In the present study, we used NIRS to investigate the difference in the changes of cerebral blood oxygenation and hemodynamics induced by language activities between normal subjects, poststroke nonaphasics patients, and nonfluent aphasic patients. We evaluated these changes in the left prefrontal cortex, which plays an important role in language function in normal subjects.1
Subjects and Methods
Twenty-nine participants performed speech tasks to evaluate changes among poststroke aphasic patients (10 cases; age [mean±SEM], 56.9±2.2 years), age-matched normal subjects (13 cases; age, 50.7±2.2 years), and poststroke nonaphasic patients (6 cases; age, 52.5±3.9 years). The groups did not differ in age (P=0.20). The poststroke aphasia was caused by infarction in 4 cases, hemorrhage in 5, and mixed (infarction and hemorrhage) in 1. CT or MRI was taken of each poststroke patient to obtain morphological information before the NIRS study. The clinical profiles of the patients are shown in Table 1⇓. The subjects were all strongly right-handed, as confirmed by the Edinburgh Handedness Inventory. Each poststroke aphasic patient underwent the WAB before the NIRS study. The nonfluent (Broca’s) aphasics were of varying severity, ranging from mild impairment to severe global aphasia. Four of the poststroke nonaphasic patients had suffered an infarction, and 2 had suffered a hemorrhage. The NIRS measurement area (see next section) in the left frontal lobe was morphologically normal in all the subjects. Informed consent to participate in the study was obtained from each subject.
Three speech tasks that are commonly difficult for aphasics to perform were administered. The primary task confrontational naming is included in most aphasia test batteries25 because of its sensitivity to nonfluent (Broca’s) aphasia. To further evaluate the ability of NIRS to detect aphasia-related differences, 2 additional speaking tasks were given that are not generally included in standard aphasia tests. These were counting (from 1 to 50) and talking about what happened yesterday. The evaluation included a rest period (5 to 10 minutes), followed by the cognitive performance. Participants were seated and had their eyes open during the entire experiment.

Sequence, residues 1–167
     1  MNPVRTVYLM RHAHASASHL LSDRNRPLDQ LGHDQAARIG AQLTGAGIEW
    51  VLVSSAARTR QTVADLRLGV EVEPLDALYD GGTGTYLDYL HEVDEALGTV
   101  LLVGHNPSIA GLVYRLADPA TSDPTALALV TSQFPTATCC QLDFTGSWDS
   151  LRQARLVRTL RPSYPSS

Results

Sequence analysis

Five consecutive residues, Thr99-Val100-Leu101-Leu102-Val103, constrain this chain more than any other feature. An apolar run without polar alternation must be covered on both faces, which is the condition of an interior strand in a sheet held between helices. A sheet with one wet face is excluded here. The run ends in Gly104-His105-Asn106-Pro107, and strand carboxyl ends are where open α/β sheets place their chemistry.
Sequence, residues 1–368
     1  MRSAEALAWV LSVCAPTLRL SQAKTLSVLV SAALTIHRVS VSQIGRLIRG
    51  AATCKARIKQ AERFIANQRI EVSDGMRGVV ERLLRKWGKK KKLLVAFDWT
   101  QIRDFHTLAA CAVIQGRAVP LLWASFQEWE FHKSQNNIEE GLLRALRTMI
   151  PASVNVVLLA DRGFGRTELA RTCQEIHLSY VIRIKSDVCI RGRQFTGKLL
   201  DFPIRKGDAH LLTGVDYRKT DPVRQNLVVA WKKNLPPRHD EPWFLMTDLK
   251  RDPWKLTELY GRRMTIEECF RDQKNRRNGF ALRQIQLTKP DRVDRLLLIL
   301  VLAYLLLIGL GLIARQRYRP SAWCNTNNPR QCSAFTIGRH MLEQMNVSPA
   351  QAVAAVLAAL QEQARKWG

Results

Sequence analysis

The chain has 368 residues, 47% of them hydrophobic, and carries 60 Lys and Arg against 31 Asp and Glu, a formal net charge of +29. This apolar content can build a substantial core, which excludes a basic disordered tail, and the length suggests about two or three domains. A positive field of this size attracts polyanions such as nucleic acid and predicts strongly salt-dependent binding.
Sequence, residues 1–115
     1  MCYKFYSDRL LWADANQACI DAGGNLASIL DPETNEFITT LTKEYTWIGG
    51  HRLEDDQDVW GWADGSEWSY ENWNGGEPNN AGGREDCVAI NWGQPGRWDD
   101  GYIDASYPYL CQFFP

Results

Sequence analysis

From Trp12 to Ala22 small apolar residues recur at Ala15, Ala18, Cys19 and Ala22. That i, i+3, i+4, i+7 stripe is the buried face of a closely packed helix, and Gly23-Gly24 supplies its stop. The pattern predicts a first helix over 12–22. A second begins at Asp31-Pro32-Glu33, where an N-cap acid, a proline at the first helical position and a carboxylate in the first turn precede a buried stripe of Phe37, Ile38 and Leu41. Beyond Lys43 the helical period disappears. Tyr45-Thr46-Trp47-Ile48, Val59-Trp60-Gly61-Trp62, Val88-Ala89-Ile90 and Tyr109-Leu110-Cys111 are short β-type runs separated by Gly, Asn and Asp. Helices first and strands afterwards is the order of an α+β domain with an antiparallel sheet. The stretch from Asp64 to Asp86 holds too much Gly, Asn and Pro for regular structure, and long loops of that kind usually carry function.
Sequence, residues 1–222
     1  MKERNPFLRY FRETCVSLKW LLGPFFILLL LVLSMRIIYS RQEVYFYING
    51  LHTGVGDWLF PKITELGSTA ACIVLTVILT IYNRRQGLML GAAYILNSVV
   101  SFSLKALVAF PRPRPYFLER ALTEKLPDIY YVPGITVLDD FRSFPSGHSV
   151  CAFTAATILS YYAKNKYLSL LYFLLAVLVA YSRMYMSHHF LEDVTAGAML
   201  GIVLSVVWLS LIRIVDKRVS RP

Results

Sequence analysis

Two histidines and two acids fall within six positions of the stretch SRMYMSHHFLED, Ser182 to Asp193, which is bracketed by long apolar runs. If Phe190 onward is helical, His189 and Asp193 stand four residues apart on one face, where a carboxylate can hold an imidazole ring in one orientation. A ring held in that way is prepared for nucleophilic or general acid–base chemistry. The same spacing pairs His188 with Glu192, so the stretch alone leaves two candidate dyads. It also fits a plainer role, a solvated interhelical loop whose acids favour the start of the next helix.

We measured cerebral blood oxygenation and hemodynamics with NIRO-500 (Hamamatsu Photonics K.K.), which has been used in previous NIRS activation studies.21 22 23 24 Near-infrared light from laser diodes (wavelengths, 775, 825, 850, and 904 nm) was directed at the head through a fiberoptic bundle (“optode”), and reflected light was collected in the receiving fiberoptic bundle and transmitted to a photomultiplier tube. With the use of an algorithm developed by Cope et al,26 absolute concentration changes of oxy-Hb, deoxy-Hb, and total-Hb (equal to oxy-Hb plus deoxy-Hb) were continuously analyzed by means of a computer interfaced with the apparatus. NIRS data are expressed in arbitrary units. If the differential path length factor of the adult head is assumed to be 5.9, which was determined by time-of-flight measurement of a picosecond-length optical pulse through the tissues, 1 arbitrary unit equals 1 μmol/L.27 The optodes were placed at a distance of 3 or 4 cm on the left forehead; the center of the 2 optodes was identical to the Fp2 position of the international EEG 10–20 system. In 5 subjects, the location of the optodes was identified by MRI with use of vitamin E capsules. MRI showed that the optodes were placed over the left prefrontal cortex. With an optode distance of 3.5 cm, the maximum depth of the region is 4 cm,28 and thus the NIRS measurement area in the present study corresponded to the left prefrontal cortex.
In many NIRS studies on neuronal activation using NIRO-500, the values of NIRS parameters were compared between different individuals.21 22 23 24 However, the values of NIRS parameters can be affected by individual differences in anatomic structures through which light passes, including skull thickness, skin absorption, and scattering properties of underlying brain structures such as subarachnoid space. Therefore, some of the NIRS activation studies analyzed only qualitative changes of NIRS parameters, such as pattern changes of NIRS parameters, with an NIRS instrument that does not indicate absolute values of the parameter changes.18 19 20 In the present study, we mainly analyzed the changes of NIRS parameters (oxy-Hb, deoxy-Hb, and total-Hb) induced by the language tasks by qualitative pattern analysis of the parameter change: we classified several common patterns according to the changes of the NIRS parameters during the language tasks.
In addition to the pattern analysis, we analyzed the quantitative data of the NIRS parameters for the following reasons. First, the path length factor is constant once the interoptode distance exceeds 2.5 cm27; in view of the fact that the interoptode distance was 3 or 4 cm in the present study, intersubject variability related to path length factor was minimal. Second, the reported NIRS studies, including our study on the CO2 response of normal adults,16 support the feasibility of analyzing the absolute values of NIRS parameters as measured by NIRO-500 when comparing groups of subjects.21 22 23 24 We analyzed the maximum value from the preactivation baseline rather than the average value during task performance, since the NIRS parameters tended to return toward the preactivation baseline after reaching the maximum value or to fluctuate during the task, possibly because of attention changes. One-way ANOVAs were conducted to compare age-matched normal subjects, nonaphasic CVD patients, and aphasic patients, and the Student-Newman-Keuls test was performed to compare group means.